FIU President Mark Rosenberg

“You’re only as good as your alumni,” Rosenberg said. “And we have a very dedicated, proud alumni network.”

While UM is famous for its medical programs, FIU Law has made headlines in recent years for its consistently impressive passage rates on the Florida Bar Exam. The FIU passage rate was 85 percent on the February 2018 test, exceeding the statewide average by 27 points.

“We are two very different universities,” UM President Julio Frenk said. “But we are united by our connection to the community and our desire to connect to our common home.”

Maria Gil, former editor at South Florida News Service and a recent graduate of FIU, says FIU’s biggest rivalries are with fellow public schools Florida State University, the University of Central Florida, and the University of Florida.

“We have this academic rivalry with UF,” Gil said. “My adviser always says the nerds go to UF, and FIU gets the leftovers who couldn’t make it. It makes us want to beat them.”

On an athletic level, it’s difficult to understand why there isn’t a stronger rivalry between the two universities. All the factors to fuel a rivalry are there, said Michael Warrell, the external vice chair for Category 5, UM’s spirit programming board.

“A lot of these players grew up locally and played against each other their entire lives,” Warrell said. “They grew up in similar neighborhoods, and those neighborhoods hated each other.”

One piece is missing, though. The schools don’t play in the same conference and haven’t met on the football field in over a decade. It’s hard to have a rivalry when there’s little competition.

“To have a rivalry you have to play each other pretty often,” Warrell said. “For example, we play FSU every year, which fuels the rivalry.”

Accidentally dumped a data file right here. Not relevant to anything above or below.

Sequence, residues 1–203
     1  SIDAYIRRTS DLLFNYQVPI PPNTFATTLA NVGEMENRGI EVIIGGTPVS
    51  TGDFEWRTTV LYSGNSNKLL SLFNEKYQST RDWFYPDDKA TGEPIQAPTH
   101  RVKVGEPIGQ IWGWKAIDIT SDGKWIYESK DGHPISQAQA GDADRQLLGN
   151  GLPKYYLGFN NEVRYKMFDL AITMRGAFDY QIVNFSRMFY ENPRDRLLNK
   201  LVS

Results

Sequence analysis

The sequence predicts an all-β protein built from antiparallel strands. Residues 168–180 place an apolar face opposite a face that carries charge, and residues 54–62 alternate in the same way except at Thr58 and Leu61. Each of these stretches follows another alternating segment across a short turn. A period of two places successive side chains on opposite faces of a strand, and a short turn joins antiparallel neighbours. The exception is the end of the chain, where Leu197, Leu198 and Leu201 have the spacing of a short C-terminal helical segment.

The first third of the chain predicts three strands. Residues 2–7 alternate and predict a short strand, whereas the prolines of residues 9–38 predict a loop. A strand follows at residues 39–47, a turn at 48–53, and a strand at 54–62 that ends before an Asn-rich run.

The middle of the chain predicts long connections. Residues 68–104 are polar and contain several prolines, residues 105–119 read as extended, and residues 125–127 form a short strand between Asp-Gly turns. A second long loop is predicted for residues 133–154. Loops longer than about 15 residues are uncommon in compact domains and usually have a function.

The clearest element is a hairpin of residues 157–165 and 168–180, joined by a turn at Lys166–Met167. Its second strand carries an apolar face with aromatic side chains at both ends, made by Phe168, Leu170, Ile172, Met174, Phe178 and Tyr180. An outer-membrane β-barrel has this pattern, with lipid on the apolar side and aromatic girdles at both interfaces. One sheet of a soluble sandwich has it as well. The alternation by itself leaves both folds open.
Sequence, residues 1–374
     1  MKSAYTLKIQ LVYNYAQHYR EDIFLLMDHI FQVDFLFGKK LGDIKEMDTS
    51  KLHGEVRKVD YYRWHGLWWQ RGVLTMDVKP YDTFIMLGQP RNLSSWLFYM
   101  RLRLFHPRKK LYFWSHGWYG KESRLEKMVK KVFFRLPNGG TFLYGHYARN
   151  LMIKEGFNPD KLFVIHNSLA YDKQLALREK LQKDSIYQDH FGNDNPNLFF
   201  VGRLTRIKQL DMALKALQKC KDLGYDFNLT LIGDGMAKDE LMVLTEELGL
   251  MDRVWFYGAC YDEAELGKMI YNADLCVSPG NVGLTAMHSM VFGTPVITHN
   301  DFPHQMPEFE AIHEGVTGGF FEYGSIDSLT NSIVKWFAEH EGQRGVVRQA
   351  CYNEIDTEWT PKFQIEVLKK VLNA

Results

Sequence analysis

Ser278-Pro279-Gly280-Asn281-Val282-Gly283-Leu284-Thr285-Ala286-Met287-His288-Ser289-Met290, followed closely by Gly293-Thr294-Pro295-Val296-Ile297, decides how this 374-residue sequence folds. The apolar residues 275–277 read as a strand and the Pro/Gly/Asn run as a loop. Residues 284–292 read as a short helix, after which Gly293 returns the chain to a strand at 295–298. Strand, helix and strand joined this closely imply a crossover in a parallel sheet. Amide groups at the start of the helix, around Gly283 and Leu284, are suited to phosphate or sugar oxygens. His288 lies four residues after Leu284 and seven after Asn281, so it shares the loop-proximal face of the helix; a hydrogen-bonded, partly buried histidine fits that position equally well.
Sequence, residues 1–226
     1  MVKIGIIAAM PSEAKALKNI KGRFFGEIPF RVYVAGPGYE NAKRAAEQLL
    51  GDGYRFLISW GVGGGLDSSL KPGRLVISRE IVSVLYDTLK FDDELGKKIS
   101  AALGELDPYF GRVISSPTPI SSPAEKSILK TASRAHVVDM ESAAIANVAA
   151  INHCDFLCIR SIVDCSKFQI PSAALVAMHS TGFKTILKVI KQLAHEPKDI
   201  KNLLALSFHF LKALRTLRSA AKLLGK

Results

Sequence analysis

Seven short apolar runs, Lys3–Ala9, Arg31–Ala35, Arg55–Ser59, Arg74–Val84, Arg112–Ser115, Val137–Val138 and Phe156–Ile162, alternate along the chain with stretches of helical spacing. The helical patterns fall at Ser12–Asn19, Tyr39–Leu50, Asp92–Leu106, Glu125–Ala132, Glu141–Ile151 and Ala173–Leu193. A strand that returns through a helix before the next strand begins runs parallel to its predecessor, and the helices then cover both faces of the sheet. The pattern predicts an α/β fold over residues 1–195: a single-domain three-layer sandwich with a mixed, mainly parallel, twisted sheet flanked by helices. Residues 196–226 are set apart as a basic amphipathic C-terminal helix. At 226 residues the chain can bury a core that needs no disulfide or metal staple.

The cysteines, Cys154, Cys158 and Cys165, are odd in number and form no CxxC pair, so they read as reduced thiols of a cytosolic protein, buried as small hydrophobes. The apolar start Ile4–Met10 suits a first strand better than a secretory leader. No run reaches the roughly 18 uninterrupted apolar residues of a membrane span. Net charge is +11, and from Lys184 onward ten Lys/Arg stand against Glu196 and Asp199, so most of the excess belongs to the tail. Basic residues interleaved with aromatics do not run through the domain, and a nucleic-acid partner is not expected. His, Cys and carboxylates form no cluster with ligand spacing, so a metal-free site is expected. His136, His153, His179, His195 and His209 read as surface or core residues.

UM and FIU will face off in football for the first time in 12 years on Sept. 22. The 2006 game notoriously ended in a brawl, resulting in 31 one-game suspensions for players.

“It was unfortunate,” said Donna Shalala, who was president of UM at the time. “We moved on and took a breather before playing each other again.”

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A UM fan flashes the ‘U’ while surrounded by FSU fans doing the Tomahawk chop as the Seminoles host the Miami Hurricanes at Doak Campbell Stadium in Tallahassee on Saturday, Oct. 7, 2017. AL DIAZ

“This game isn’t different from any other,” said Lauren Fuster, a rising junior at the University of Miami. “It’s a normal game where everyone is going to root for their team.”

Along with the mixed alumni populations the schools share, UM has a peculiar, yet extremely devoted, fan base. Many die-hard Hurricane fans have no connection to the university. This is because, in many ways, the Miami Hurricanes were Miami’s first “pro” team.

The Hurricanes’ first football season was in 1926, bringing major college football to South Florida 40 years before the Dolphins wouldn’t become Miami’s first major pro team. The Hurricanes were perennial national title contenders for the better part of 20 years starting in the early 1980s, winning five championships. FIU’s first football season wasn’t until 2002.